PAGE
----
Singapore's non-oil exports drop 8.1 per cent in September, 7th straight month of contraction

Non-oil domestic exports fell by 8.1 per cent in September, which was better than the 9 per cent fall in August.
Non-oil domestic exports fell by 8.1 per cent in September, which was better than the 9 per cent fall in August.PHOTO: ST FILE

SINGAPORE - Exports shrank for the seventh month in a row, even though the pace of contraction eased.

Non-oil domestic exports (Nodx) fell by 8.1 per cent in September, a somewhat better showing than the 9 percent fall in August, according to data released by Enterprise Singapore on Thursday (Oct 17).

This was the third month in a row where shipments improved, and the August figure – revised downwards from the 8.9 per cent fall previously reported – also marked a return to single-digit territory after five consecutive months of double-digit declines.

But analysts polled by Bloomberg had been more optimistic for September, expecting a 7.2 per cent fall.

On a month-on-month seasonally-adjusted basis, export figures were down 3.3 per cent in September, after a 6.7 per cent rise in August.

UOB economist Barnabas Gan said the ongoing maturing of the global electronic cycle and the negative effects of the United States-China trade tensions continue to drive the slowdown in Singapore’s trade environment.

“The slack in the semiconductor exports across Asia Pacific is still being observed in Singapore, suggesting that the maturing global electronic cycle could still drag both exports and manufacturing momentum into the months ahead,” he said.

Electronics products weighed down Nodx, shrinking 24.8 per cent year-on-year in September, following a 25.9 per cent contraction in August.

Integrated circuits, personal computers and disk media products contributed most to the decline.

Non-electronic exports contracted by 2.3 per cent - the same rate as in August. Pharmaceuticals, petrochemicals and jewellery caused the most drag.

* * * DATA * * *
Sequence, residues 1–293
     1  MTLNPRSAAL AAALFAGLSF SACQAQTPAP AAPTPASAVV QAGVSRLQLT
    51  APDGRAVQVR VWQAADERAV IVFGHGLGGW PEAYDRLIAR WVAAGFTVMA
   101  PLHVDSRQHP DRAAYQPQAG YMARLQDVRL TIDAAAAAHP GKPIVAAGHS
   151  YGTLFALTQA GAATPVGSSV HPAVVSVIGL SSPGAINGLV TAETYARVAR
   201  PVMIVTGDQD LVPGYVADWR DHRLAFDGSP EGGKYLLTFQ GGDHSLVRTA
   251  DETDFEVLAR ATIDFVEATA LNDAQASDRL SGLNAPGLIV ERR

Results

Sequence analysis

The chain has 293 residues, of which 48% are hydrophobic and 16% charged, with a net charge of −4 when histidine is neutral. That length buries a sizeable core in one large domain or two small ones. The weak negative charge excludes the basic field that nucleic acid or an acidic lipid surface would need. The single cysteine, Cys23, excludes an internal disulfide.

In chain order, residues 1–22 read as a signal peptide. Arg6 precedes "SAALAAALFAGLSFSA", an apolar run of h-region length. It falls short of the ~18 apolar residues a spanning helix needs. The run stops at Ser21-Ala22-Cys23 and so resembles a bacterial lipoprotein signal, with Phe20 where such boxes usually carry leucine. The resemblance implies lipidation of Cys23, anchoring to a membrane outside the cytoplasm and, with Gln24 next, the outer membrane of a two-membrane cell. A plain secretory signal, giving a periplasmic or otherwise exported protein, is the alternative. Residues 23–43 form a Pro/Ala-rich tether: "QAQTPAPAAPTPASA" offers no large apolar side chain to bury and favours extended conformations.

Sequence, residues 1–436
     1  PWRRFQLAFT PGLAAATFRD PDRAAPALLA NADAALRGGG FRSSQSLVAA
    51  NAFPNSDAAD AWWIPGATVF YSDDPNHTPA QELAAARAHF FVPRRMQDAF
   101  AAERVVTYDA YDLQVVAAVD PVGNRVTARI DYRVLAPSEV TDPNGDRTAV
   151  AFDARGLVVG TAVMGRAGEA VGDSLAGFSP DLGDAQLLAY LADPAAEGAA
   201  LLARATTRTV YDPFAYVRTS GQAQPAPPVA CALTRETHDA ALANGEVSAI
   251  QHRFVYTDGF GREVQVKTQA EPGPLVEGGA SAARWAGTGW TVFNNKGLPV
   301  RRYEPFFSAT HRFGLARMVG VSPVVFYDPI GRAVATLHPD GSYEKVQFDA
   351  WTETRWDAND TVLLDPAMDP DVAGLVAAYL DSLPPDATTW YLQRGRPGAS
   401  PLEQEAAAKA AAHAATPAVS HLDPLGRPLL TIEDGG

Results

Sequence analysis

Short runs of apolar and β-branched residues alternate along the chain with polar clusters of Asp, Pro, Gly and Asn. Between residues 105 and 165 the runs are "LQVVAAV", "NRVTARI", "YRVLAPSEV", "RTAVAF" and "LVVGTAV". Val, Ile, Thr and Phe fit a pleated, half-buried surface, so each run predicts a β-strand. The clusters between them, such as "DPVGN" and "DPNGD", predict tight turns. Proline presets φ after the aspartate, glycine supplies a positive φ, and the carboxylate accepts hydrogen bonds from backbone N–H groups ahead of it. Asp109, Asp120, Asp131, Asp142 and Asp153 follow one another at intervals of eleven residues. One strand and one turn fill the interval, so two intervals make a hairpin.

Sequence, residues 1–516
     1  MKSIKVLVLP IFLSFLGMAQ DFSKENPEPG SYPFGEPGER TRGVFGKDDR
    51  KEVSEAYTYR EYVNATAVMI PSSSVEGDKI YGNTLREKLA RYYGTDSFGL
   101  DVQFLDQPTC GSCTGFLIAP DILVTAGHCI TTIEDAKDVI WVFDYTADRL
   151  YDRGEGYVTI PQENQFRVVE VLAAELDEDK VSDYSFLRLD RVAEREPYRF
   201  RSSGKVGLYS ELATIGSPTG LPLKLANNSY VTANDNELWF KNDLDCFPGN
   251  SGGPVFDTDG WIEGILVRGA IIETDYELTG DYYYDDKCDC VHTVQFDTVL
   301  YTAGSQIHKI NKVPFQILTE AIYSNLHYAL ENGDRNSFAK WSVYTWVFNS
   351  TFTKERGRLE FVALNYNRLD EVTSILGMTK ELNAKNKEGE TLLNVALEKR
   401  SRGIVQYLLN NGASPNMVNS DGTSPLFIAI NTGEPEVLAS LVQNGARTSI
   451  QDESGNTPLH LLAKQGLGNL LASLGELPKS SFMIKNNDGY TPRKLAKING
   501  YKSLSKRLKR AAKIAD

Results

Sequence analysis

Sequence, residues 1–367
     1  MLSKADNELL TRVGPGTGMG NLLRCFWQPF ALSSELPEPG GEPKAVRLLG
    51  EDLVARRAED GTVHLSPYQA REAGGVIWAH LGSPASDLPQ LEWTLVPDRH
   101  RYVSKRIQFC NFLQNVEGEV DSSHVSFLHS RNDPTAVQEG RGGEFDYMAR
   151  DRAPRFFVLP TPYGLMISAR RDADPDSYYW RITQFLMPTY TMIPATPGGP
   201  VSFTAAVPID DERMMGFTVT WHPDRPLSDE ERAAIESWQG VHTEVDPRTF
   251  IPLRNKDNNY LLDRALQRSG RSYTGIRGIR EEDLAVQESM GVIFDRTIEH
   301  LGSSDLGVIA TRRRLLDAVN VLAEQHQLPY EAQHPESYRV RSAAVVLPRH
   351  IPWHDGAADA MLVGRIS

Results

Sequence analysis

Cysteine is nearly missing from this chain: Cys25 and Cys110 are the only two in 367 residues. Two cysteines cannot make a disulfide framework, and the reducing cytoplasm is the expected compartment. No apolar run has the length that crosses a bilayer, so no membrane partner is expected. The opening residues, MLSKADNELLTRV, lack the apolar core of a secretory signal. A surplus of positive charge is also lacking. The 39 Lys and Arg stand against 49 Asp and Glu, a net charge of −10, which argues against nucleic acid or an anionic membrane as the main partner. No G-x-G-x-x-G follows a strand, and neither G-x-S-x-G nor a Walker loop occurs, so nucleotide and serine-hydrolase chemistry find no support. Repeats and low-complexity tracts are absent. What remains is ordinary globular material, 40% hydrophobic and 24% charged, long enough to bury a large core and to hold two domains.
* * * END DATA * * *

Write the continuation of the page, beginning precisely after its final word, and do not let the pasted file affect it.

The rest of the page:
Exports to the majority of Singapore's top markets fell, except to China and Taiwan. The biggest declines in shipments were to the European Union, the United States and Japan.

 
 
 
 

Exports to emerging markets declined by 22.4 per cent last month, worse than the 19.6 per cent fall in the previous month.

Overall, both total imports and total exports decreased in September, but by less than the declines in August.

Maybank Kim Eng economists Chua Hak Bin and Lee Ju Ye noted that the better Nodx data in September was inflated by a surge in non-monetary gold exports to China, while electronics exports to China plunged at a steeper pace.

They said that Nodx likely bottomed in the second and third quarters and may see some improvement in the last quarter of the year, given the lower base of comparison a year ago.

However, they expect economic growth in the last quarter to be supported by non-trade related services including finance, business services such as property transactions, and tourism-related sectors due to diversion from Hong Kong.

On Monday, the Monetary Authority of Singapore eased the Singdollar's rate of appreciation for the first time in more than three years. It said it expects Singapore's growth, which slowed over the first three quarters, to pick up modestly next year, subject to considerable uncertainty in the external environment.


Correction note: An earlier version of this article said the biggest declines in shipments were to Japan, the European Union and Hong Kong. These are the markets with the biggest percentage declines. The article has been amended to reflect the markets with the biggest declines in value of shipments.